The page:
Safe Withdrawal Rates
Rather than rewriting a great piece of financial writing, I’d direct you to fellow financial writer Todd Tresidder’s writing over at The Financial Mentor. Todd has already written up a post on the history of safe withdrawal rates, and you would be poorly served by me duplicating the tremendous effort he undertook.
The key points of his article are that the “Magic 4%” withdrawal rate that most financial advisers quote is bunk, and is likely only valid for American portfolios due to a confluence of good luck over the last couple of centuries in America. I’d tend to agree here – he cites Wade Pfau heavily in the article, and Pfau even posted this example of safe withdrawal rates for another first world economy over the last century – Japan.
Remember, all of the ideas we just explored don’t just inform our asset allocation – they also can be used to predict what a safe withdrawal rate is when you are drawing down your retirement funds and savings. Your biggest risk in retirement is outliving the resources you have acquired, so you want to know how much you can take out early in retirement so you don’t have to cut back drastically near the ‘end’. A good place to look to get an idea of your ‘length’ of retirement is on the Social Security Actuarial Life Table, which will give you the odds they expect you to live a certain length of time based on your age. Your mileage (or age!) may vary…
If all of this research is to be believed, you should consider valuations when you go to take out funds in retirement. If stocks are insanely overvalued, you might be better served by both switching from stocks and taking out less than the so-called magic 4%, while if they are undervalued you might find yourself able to take out a lot more.
Other strategies which might make sense?
- Set a minimum withdrawal percentage, say 1.5 or 2.0%. Only increase it if your total funds lost with withdrawal are less than some benchmark, say 6%. Your funds may drop 10% one year, so you only take out 1.5%. Another year, they increase 10%, so you take out 4%. They drop 2.5%? You take out 3.5%. Rinse and repeat.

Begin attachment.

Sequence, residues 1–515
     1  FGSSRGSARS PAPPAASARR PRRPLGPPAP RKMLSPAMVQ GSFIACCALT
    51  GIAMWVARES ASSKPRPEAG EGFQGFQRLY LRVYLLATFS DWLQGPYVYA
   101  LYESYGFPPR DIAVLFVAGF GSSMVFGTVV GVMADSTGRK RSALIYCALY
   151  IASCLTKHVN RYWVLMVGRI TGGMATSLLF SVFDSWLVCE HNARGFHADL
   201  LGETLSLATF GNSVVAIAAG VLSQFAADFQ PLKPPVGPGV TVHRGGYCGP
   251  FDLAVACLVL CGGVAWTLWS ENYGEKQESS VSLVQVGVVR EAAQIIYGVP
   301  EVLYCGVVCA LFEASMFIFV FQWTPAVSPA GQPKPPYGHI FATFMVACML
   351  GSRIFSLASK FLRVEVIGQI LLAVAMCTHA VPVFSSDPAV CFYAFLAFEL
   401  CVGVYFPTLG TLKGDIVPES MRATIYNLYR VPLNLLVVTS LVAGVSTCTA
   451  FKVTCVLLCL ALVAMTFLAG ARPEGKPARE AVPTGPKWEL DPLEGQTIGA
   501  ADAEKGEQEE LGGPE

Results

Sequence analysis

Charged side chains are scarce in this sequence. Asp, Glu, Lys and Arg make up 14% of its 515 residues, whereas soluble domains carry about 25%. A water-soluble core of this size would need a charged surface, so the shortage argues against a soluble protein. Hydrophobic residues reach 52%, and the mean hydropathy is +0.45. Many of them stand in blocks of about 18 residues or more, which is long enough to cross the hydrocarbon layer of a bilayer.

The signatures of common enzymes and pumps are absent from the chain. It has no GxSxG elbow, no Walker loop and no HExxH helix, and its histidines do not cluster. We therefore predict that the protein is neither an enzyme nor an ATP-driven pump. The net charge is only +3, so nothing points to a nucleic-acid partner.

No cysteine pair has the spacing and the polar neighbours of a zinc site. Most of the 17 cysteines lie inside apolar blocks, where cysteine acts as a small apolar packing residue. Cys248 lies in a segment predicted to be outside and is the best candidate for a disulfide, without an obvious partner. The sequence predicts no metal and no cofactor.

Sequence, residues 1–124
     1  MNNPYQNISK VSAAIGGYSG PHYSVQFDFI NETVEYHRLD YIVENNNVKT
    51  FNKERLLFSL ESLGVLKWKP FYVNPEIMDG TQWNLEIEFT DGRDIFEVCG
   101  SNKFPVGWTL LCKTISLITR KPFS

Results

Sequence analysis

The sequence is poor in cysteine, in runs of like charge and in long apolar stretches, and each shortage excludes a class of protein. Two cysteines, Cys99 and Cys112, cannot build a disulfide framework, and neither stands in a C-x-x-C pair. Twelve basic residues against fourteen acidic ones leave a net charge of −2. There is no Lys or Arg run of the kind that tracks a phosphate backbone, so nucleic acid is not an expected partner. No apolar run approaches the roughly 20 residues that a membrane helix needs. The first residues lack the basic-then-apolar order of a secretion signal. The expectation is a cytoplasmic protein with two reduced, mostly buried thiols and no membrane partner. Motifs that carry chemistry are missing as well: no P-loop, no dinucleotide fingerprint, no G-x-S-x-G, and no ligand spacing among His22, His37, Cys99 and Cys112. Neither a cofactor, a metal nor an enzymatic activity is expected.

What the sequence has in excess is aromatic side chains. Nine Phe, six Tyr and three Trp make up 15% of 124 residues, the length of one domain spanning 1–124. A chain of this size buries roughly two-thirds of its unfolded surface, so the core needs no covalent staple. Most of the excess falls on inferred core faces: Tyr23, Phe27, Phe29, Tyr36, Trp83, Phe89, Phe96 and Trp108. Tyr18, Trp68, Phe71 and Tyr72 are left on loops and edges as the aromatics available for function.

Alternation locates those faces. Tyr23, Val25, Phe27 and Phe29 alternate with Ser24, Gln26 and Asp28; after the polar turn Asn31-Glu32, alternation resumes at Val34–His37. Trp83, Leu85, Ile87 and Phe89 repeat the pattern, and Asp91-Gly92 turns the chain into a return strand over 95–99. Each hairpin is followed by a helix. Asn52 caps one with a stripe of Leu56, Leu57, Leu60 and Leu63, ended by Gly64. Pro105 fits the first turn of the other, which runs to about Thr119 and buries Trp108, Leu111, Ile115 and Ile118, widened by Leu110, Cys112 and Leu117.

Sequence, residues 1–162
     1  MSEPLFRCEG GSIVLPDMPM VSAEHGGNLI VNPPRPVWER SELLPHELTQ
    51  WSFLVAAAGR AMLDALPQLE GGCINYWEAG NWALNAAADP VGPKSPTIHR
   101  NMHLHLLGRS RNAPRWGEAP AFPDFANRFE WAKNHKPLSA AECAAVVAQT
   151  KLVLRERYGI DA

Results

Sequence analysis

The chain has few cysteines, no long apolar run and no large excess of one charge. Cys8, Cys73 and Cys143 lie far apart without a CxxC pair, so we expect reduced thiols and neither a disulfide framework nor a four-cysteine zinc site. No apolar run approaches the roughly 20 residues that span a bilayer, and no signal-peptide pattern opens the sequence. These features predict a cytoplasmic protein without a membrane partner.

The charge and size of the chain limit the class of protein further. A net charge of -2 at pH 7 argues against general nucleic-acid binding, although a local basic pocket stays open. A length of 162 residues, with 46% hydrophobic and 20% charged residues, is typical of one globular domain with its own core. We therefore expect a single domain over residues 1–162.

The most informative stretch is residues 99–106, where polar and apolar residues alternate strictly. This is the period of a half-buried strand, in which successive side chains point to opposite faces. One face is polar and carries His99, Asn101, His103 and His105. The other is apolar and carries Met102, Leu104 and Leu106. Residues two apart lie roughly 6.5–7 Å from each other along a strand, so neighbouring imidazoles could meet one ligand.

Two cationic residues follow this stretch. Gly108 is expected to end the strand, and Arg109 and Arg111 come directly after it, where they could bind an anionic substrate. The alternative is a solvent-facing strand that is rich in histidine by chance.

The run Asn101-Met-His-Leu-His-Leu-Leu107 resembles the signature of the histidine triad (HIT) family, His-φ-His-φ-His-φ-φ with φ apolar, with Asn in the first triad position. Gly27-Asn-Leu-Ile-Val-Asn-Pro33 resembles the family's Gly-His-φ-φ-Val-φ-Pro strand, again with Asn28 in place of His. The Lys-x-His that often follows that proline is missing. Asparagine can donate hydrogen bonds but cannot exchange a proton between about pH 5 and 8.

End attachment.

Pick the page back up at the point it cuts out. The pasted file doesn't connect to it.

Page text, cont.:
- Take out a percentage of current funds. The 4% number is only a risk if you base it on your original funds and the market drops.
- Recognize the 4% number, and go with something less – like 3. Note that 4% implies you need to save 25 times your annual draw. 3%? 33.3 time. So this method means small movements towards conservatism mean massive increases in resources are needed.
The State of Buy and Hold Investing
Shots are being fired across the bow of the buy and hold ship, but many people… the low information investors for certain… should probably continue to sit tight and monitor the developments. In extreme conditions – like really frothy valuations and insanely cheap stocks, maybe you should consider shifting away form or towards more stocks in your portfolio.
For the high information investors? You should probably read as much on these topics as you are comfortable with. Those of you with ETFs and mutual funds, you should start to fold these concepts into your methodology and start to watch the overall valuation of stocks in your portfolio. Those of you who deal strictly with individual stocks should already have implemented some style of valuation to your buy and sell decisions.
I’m curious to dig into some methods of evaluating the entire market – P/E10, regular price/earnings, dividend yield, earnings expectations, even implied closing prices (my specialty!) or some combination thereof (or something not mentioned here). Perhaps if all of this is interesting or controversial enough, I’ll do some of my own informal studies as well, and try to figure out if some are better than others. I’m hoping it is.
What do you think of all of this information? Are you reconsidering your style of investing? Are you going to use valuation to determine the allocation of your mutual funds? How do you think age should factor into your allocation?